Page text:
Over $22 Million in Grants to Support Workforce Development and Education
Nov 06, 2012
Central Piedmont Community College (CPCC) in Charlotte, with the support of Bank of America, is helping hundreds of veterans make the transition from the military to civilian jobs. CPCC is an innovator in workforce development training; their program provides training, academic counseling and support services, all geared to help members of the military translate their skills into jobs in areas of economic growth.
CPCC is just one of over 1,000 nonprofits in 34 states that have benefited from over $22 million in 2012 philanthropic funding from the Bank of America Charitable Foundation. These grants focus on helping the unemployed, underemployed, youth, veterans and the disabled obtain and retain jobs. Collectively, Bank of America’s funding will enable these organizations to reach more than six million people, match over 100,000 youth with mentors, and help 29,000 individuals graduate with a degree or certification.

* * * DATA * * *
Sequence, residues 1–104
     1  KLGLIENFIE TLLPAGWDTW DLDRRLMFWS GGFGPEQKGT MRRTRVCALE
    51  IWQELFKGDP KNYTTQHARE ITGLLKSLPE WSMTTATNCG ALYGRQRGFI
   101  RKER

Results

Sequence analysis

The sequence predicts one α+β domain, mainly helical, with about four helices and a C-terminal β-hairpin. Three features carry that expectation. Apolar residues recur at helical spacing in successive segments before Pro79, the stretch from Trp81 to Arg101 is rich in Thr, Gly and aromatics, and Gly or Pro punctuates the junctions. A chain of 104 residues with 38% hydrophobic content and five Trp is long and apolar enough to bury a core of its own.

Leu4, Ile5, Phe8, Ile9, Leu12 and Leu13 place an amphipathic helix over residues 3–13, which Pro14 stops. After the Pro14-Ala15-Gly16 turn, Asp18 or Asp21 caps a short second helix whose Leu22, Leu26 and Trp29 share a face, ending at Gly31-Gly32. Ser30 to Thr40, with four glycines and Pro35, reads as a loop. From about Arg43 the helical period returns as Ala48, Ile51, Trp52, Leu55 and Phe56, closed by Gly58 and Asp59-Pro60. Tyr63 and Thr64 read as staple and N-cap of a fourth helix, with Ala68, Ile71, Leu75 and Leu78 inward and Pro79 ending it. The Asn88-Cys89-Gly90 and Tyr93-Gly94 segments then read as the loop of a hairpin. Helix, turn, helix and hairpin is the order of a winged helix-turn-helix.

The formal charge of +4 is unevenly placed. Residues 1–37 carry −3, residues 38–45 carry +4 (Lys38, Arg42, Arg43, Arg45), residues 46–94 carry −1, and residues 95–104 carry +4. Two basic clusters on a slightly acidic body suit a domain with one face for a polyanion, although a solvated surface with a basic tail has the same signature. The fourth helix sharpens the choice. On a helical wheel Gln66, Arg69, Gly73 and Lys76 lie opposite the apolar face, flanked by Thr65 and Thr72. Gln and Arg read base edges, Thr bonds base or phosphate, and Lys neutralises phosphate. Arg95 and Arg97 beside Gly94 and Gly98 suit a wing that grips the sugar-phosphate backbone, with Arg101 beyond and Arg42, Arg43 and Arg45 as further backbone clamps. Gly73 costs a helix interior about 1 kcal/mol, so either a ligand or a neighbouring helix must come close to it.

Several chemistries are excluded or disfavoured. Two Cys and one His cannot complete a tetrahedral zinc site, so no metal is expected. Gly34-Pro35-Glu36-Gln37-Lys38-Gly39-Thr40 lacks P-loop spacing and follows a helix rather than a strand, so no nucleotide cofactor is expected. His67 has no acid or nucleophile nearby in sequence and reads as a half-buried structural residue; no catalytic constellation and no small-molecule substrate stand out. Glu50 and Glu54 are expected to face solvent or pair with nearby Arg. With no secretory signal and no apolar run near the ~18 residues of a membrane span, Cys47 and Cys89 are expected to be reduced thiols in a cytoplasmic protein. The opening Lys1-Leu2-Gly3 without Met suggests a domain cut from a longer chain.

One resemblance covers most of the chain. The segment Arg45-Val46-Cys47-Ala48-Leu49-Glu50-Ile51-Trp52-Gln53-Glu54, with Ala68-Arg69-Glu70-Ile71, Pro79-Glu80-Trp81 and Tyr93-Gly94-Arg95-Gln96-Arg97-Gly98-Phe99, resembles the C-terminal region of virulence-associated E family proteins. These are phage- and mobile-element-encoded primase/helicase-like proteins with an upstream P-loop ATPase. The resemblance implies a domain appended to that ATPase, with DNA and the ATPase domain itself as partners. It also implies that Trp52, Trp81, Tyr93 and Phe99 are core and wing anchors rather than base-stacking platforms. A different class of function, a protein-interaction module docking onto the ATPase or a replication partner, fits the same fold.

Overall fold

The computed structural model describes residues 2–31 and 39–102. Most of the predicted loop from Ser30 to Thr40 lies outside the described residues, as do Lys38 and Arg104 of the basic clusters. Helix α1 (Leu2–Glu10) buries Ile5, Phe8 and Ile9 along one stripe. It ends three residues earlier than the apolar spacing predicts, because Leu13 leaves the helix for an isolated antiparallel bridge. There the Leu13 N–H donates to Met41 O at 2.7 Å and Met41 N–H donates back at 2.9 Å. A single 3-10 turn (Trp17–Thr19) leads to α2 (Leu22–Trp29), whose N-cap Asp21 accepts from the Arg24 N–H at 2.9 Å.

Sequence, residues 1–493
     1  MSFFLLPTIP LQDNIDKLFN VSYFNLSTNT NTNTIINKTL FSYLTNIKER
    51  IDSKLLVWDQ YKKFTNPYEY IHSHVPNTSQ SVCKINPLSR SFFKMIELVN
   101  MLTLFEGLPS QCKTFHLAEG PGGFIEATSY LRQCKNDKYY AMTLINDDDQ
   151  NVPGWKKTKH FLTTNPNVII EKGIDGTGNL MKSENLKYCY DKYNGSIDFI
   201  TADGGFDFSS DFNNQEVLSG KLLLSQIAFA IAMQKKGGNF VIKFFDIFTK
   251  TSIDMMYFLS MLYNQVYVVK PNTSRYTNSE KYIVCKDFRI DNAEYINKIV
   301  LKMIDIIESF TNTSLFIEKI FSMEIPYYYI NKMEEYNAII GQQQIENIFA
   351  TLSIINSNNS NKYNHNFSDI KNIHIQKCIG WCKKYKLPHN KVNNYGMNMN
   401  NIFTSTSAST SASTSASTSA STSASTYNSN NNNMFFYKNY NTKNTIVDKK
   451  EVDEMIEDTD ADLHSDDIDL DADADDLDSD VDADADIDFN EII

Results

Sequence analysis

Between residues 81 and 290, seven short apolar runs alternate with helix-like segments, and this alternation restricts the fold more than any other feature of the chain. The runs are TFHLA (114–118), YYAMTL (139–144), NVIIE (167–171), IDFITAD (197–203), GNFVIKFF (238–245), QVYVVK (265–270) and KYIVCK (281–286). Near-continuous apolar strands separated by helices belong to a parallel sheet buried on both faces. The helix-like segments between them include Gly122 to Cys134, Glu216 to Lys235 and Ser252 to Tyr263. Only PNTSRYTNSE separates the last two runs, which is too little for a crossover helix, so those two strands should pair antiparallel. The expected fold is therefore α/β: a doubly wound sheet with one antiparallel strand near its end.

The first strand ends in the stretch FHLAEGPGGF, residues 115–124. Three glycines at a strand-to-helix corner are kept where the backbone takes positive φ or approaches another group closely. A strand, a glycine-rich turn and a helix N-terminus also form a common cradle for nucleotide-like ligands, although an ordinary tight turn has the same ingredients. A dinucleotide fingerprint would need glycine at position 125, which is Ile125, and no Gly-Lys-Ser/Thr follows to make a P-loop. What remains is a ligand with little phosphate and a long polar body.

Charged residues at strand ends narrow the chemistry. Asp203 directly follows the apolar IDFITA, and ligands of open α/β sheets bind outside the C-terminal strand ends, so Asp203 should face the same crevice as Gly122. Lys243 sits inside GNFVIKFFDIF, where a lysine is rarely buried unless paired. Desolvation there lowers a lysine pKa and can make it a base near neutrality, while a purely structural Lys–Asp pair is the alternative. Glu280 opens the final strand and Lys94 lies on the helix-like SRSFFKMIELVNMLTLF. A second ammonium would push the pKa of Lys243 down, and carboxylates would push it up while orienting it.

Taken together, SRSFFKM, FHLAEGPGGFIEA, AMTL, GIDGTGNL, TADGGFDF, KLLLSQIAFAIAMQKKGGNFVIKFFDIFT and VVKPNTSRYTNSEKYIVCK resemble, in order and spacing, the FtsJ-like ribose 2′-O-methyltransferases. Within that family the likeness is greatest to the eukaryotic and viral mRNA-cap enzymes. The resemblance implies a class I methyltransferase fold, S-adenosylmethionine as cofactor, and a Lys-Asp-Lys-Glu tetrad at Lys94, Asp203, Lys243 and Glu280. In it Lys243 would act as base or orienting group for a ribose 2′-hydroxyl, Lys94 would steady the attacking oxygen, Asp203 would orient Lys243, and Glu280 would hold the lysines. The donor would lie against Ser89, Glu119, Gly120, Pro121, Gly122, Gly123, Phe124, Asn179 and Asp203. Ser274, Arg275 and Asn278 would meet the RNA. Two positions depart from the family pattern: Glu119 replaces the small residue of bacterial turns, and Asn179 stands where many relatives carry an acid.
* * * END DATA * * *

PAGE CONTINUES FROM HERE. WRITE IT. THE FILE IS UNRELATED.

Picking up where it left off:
Kerry Sullivan, President of the Bank of America Charitable Foundation, says, “Investing in our nation’s current and future workforce is key to ensuring we remain competitive in an increasingly complex and competitive global economy. At Bank of America, we’re helping connect America’s workers to the education and skills necessary to help them find meaningful employment that will help them provide for their families and ultimately strengthen our communities and local economies.”
From programs that help at-risk youth access post-secondary opportunities to those that train people with barriers to employment for specific job opportunities, the bank’s support is helping individuals in need access resources and opportunities that will help them gain employment. In many cases, job training and workforce development programs already exist in their communities; the goal is to connect individuals to those resources.
Some of the nonprofits that received funding are:
- The National Council on Aging, which is bringing workforce training and connections to jobs for seniors who need to maintain an income
- Year Up, a nonprofit that works to close the opportunity divide by providing young people ages 18-24 years with pathways to livable wage careers and post-secondary education
- Boys and Girls Clubs of America, which is engaging and supporting teens in developing essential soft skills needed for success in the workplace.
The bank’s funding for job training and education is part of its philanthropic focus on three issues vital to the economic health of communities: jobs, housing and hunger, and is an important element of Bank of America’s ongoing activities to help advance local economies.